A member of our Living Well Centre Team has first-hand experience of the care and support the hospice provides after it helped her family through some of the most difficult times of their lives.
Kate Miley, a Healthcare Assistant, wanted her husband Kevin to be cared for by the hospice when he was diagnosed with stomach cancer two years ago, during the Covid pandemic. He died after a short illness.
The couple had been together for 28 years and have three children. As a devoted family man, Kevin was determined to be cared for at home as much as possible, which he was able to do with the support of the hospice.
Kate said: “Kev was a larger-than-life character. He was a painter and decorator, and he was amazing at drawing; he used to do murals in nurseries, things like that. He loved martial arts. Most of all, he was very family-oriented.
“During Covid, he was losing a bit of weight which we put down to poor control of his diabetes at first. All of a sudden, he started feeling quite sick every few nights and he developed a cough. One Sunday morning we’d been up all night so I took him to A&E with a list of symptoms but he was sent home without any assessments, and because a cough was one of the symptoms, he was considered to be a Covid risk.
“We got in touch with our GP and I pushed for him to be seen because I knew something wasn’t right. Within 48 hours, we’d found out that he had terminal cancer and he only had months to live. I asked for a referral to the hospice immediately which my husband wanted as well. There was no hesitation on my side or his because I knew we needed that care.”
The diagnosis took place in December 2020, and the medical team at the hospice were able to help Kevin to manage his symptoms, working through different options to make him as comfortable as possible, and while he did require a short stay on the Inpatient Unit, this largely took place in his own home.
Kate added: “The main problem for my husband was symptom control, and the doctors were constantly trying different things – nothing was too much trouble. We also had the hospice’s Community Nurses visit regularly. The support for the whole family was absolutely incredible, and for me, a big part of that was because they were all people who understood.
“Even though we were in the middle of the pandemic, I don’t think the support we received was any different to if we hadn’t been in lockdown. It was incredible and I couldn’t have done it without them. Kev’s aim was to be at home as much as possible and to die at home with his family around him, and we were really privileged that we could do that.”
The hospice even helped to arrange for Kevin to be baptised, which was not straightforward during the pandemic. Kevin died on 28 February 2021 and, despite lockdown funeral restrictions, his local community were able to come together to pay tribute to him on the day.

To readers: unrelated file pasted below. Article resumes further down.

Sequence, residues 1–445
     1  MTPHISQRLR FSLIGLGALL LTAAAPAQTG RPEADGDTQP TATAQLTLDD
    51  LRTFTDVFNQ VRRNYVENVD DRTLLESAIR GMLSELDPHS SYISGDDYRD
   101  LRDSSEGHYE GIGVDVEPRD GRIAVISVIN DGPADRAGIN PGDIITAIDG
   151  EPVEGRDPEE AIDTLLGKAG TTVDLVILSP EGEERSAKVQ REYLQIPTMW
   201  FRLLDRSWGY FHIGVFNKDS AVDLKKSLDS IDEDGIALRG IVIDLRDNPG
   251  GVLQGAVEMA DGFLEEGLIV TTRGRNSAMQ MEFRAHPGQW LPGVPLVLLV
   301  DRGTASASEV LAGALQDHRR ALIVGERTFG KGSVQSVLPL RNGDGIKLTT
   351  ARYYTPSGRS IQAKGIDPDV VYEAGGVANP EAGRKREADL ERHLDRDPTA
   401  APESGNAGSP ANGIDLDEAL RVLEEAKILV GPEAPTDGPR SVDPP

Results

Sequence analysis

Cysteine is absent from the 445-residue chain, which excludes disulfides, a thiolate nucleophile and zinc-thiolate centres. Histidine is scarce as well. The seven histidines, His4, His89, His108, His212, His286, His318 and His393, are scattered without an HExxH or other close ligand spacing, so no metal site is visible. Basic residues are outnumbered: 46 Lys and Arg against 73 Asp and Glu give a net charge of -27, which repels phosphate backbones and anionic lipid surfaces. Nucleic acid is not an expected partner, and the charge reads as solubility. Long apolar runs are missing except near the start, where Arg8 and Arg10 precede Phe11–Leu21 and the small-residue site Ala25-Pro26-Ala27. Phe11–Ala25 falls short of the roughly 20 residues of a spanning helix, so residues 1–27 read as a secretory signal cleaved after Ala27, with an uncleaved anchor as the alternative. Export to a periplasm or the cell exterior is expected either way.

Kate said: “We had to get permission from the Bishop of Birmingham to let us go into a church. There was me, Kev and our three children and we were able to get him baptised, which was what he wanted, so that was incredible to be able to do that.
“On his funeral day, because we could only have 30 people there, three roads around our house were lined with people. His funeral was on the National Covid Day so we released 100 balloons in memory of everyone who had died. The roads were just full – I was shocked with the amount of people who turned up. They brought his work van and that led the procession, so we were able to do things for him, even though there was a lockdown.”
Kate has worked at Birmingham Hospice for five years, having previously spent 18 years at the QE Hospital and 12 years as a dental nurse. She feels that her experiences have given her an even better understanding of what the situations our patients face and wants to use that knowledge to help others.
She said: “I want to be able to use my experience to support patients and families here. Having been through it, I feel I’ve got a better understanding of what people are going through and the kind of crisis situation you feel you’re in a lot of the time.
“I came back to work about eight weeks after Kev died and the team here have just been amazing, and they got me through it if I’m honest.
“My role involves assessing patients and supporting them through their journey. They usually come to us quite early in their journey so we support them with difficult discussions and managing their symptoms, but we also have a lot of fun.
“I always knew I wanted to end my career in palliative care. I enjoy everything about my role – I’ve never once woken up and thought I didn’t want to come to work. I don’t think of what I do as a job; I consider it a privilege to be here.”
• Thank you for sharing your story with us Kate.
• If you would like to share your story of how the hospice helped you or your family, please email email@example.com.